Homework app Socratic launches group chat feature to help answer your questions

The days when students have to flip through textbooks to find solutions to homework problems may soon be coming to an end. Rather, they will be taking pictures with their smartphones to feed problems into an artificially intelligent app if Socratic has its way.

Socratic is an education-focused startup and it offers a service quite similar to Quora — a space where students can ask questions and receive answers from their peers or just about anyone. Of course, these questions are particular to specific subjects such as science, math, social sciences, and the humanities. The company has had an app called Homework Genius in stealth mode for about a year and it’s finally ready for the student masses.

Renamed after the company, Socratic is an app that claims to help you with your homework thanks to the help of artificial intelligence. Simply snap a picture of your word problem, give the app a few seconds to analyze it, and you will be reading about the proper way to solve it.

The app doesn’t exactly offer answers, instead, you get an explainer that dives into the concept, problem, and teaches students how to solve it. The beta app involved teachers, students, and more than 150,000 users — and Socratic used it to collect “millions of photos of real homework questions” to make the AI engine more powerful.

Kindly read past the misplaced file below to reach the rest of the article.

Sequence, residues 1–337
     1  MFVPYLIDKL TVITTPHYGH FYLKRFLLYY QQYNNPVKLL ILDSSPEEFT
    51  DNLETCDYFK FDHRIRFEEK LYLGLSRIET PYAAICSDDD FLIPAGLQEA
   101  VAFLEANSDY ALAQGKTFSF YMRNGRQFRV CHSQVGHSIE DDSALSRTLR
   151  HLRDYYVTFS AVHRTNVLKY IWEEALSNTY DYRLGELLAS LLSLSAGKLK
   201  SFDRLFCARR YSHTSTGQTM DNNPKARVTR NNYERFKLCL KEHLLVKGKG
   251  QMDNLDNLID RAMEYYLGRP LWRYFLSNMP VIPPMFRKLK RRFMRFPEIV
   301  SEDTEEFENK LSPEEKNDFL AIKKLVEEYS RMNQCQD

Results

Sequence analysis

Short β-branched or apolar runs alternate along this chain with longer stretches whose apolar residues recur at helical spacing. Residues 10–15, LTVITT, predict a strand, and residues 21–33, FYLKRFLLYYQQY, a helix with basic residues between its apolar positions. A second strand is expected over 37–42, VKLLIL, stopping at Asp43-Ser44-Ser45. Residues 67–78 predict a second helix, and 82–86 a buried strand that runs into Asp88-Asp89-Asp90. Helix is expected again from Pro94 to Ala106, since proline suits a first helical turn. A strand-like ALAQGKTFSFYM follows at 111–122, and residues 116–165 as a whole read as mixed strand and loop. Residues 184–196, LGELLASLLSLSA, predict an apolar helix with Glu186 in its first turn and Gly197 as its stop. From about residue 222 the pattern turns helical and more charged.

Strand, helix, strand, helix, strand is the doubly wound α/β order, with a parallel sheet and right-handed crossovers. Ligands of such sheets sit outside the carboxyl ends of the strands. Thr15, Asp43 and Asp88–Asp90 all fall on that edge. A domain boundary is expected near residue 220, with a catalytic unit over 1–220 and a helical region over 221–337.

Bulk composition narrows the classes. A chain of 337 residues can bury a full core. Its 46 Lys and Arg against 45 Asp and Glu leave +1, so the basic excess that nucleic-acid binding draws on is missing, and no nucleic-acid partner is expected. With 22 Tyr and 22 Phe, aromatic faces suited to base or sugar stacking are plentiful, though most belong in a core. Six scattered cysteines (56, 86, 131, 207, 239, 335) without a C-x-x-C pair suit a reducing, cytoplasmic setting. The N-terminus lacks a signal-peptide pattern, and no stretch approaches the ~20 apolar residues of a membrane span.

The app is well-designed and slick, and results are presented in the form of vertical cards. The first is the explainer, and the rest will be anything else the AI can scrounge up about the problem — videos, definitions, and web results. Much of the “explainer” content has been developed by the Socratic community, and as the app has grown up and grown its user base, so too have the number of subjects it can help you with.

In its most recent update, Socratic introduced a study group feature. Similar to group chats — users can create groups around specific classes, get homework done together, and share class notes — without having to switch out of the app. It’s also designed to closely resemble Snapchat, since teens are already comfortable using this specific interface on a daily basis.

When students create groups around a class, they are discoverable by anyone else who is in the class too — except for the teacher. Users can also see who is currently online on the app as well. If they want to invite more classmates, they can now do so via apps such as Messenger and Kik.

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Update: Socratic adds a new social feature.